The beginning moments of local dramatist M. Scott Merrifield's play Desert Air are full of promise. As the Changing Scene's world-premiere production of this Gulf War-era drama begins, the strains of a popular rock song ("Video Killed the Radio Star") fade out while the stage lights illuminate a drab olive-green tent that houses a makeshift radio station affectionately called "Tragic 106." Then we hear a rumbling, almost volcanic sound that quickly erupts into the high-pitched shriek of a squadron of phantasmagorical low-flying warplanes.
As the station's DJ begins a rambling, song-ending riff, director Terrence Shaw's production seems ready to unfold into a cutting-edge Nineties look at the all-too-familiar subject of life during wartime. But despite the best efforts of nine enthusiastic actors (some of whom are students at the Community College of Denver, Changing Scene's producing partner for this show), Merrifield's characters quickly become prisoners of the playwright's prickly underbrush of military cliches and meaningless minutiae.
Which is a shame, given that Merrifield's status as a Gulf War vet has afforded him a firsthand perspective on such well-worn themes as behind-the-battle-lines hijinks, the military's bureaucratic hierarchy and that obligatory staple of all war plays, romance in the ranks. But rather than transform his personal war stories into a broader, more entertaining commentary, Merrifield, who also plays the lead character of Specialist Mike Roberts, instead belabors episodes that have little meaning to anyone who didn't actually experience them. And though Merrifield has done his best to render an accurate portrait of military life, the fledgling playwright's abundant use of profanity, if understandable, is rarely illuminating. For instance, we don't get much insight into a soldier's life when a typical conversation consists of a swaggering private informing his tentmates that Saddam Hussein is a "butt-munch" and a "masturbator." And if these hard-bitten characters are going to spew their scatology over the airwaves, shouldn't they at least be supplied with a vocabulary more imaginative than the seven dirty words made famous twenty-odd years ago by George Carlin?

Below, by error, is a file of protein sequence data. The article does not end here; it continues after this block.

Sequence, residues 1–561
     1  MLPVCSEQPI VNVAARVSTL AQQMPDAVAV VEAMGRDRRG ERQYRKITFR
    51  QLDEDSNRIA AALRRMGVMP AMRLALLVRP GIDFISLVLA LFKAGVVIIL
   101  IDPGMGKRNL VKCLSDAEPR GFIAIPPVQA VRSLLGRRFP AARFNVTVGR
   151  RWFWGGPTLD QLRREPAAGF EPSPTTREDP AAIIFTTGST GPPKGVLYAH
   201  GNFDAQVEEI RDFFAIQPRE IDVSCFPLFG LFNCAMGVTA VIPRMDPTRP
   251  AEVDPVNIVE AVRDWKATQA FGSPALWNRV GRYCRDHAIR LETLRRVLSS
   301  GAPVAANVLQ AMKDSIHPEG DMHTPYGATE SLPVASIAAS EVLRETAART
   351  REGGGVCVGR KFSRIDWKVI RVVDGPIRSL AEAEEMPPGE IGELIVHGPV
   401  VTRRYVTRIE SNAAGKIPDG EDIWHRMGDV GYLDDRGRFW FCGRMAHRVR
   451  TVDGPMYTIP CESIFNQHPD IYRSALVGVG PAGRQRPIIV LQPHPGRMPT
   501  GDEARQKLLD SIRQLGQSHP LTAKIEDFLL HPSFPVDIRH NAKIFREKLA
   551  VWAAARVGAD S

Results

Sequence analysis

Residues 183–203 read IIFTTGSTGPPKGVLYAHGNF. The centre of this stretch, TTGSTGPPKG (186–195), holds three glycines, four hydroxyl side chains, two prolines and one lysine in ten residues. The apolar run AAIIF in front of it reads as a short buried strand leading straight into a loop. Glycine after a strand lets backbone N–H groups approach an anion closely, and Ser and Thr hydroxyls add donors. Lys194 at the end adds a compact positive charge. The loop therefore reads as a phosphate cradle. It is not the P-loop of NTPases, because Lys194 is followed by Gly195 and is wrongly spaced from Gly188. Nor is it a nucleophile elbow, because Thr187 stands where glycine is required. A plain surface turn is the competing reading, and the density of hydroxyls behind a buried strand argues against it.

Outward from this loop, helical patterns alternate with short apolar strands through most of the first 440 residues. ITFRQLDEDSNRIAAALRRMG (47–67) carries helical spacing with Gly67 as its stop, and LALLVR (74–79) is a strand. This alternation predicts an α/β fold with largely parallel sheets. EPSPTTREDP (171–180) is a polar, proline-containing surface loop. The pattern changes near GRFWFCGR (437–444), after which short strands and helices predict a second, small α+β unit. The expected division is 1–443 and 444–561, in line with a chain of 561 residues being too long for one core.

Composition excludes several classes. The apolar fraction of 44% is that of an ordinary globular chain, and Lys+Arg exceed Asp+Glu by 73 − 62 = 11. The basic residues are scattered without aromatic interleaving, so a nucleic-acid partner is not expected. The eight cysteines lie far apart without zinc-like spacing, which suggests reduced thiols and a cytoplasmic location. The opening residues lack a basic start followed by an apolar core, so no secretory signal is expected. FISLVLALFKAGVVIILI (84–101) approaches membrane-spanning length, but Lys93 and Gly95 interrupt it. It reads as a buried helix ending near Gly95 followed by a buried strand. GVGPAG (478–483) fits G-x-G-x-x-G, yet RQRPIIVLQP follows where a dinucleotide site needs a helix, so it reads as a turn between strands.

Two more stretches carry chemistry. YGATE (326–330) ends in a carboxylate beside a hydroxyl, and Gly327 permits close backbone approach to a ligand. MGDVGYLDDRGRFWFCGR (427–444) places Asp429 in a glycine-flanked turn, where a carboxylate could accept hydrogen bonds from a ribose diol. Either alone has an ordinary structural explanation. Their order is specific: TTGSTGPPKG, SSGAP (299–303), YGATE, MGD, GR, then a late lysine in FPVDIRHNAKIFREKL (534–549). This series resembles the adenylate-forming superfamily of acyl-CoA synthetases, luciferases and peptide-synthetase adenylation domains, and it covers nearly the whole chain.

To their credit, Shaw's actors do their best to replicate the mannerisms of a group of bored G.I.s charged with digging a proverbial hole in the sand at the behest of a bellowing, vindictive jarhead, Sergeant John Finch, vigorously portrayed by Charles B. Wingerter. The ensemble effectively captures the spirit of a tight-knit squad of battle-tested veterans capable of engaging in incendiary debate one moment and genuine affection the next. In particular, Brian Landis Folkins is convincing as Specialist Dave Grimm, an ill-fated, hot-tempered soldier who becomes romantically involved with the play's lone female character, Private Lisa Brown, touchingly portrayed by Andrea Snell. And Augie Truhn's comic turn as the stuttering, bumbling Private Rich Ladd injects the production with some much-needed believable humor.
To be sure, the premise of Merrifield's play is intriguing. After all, isn't it likely that a few infamous episodes occurred during the war that prompted Bill Clinton to become such a strong advocate of the "don't ask, don't tell" policy? Come to think of it, weren't there a few incidents involving the Iraqi army's harsh treatment of Kuwaiti women that Merrifield might have cleverly juxtaposed with how the U.S. military treats issues of sexual harassment and rape? And wouldn't such films as Good Morning, Vietnam have served as a useful blueprint to Merrifield when it came to depicting the antics of the military's unsung disc jockeys?
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Be that as it may, the playwright will no doubt improve his skills after having experienced a production of his work before a live audience. Indeed, as Merrifield's character Roberts says at play's end, "It's what we do when this is all over that matters--how we face the real world."
Sounds like the perfect place to start a play.
Desert Air, through June 14 at the Changing Scene, 1527 1/2 Champa Street, 893-5775.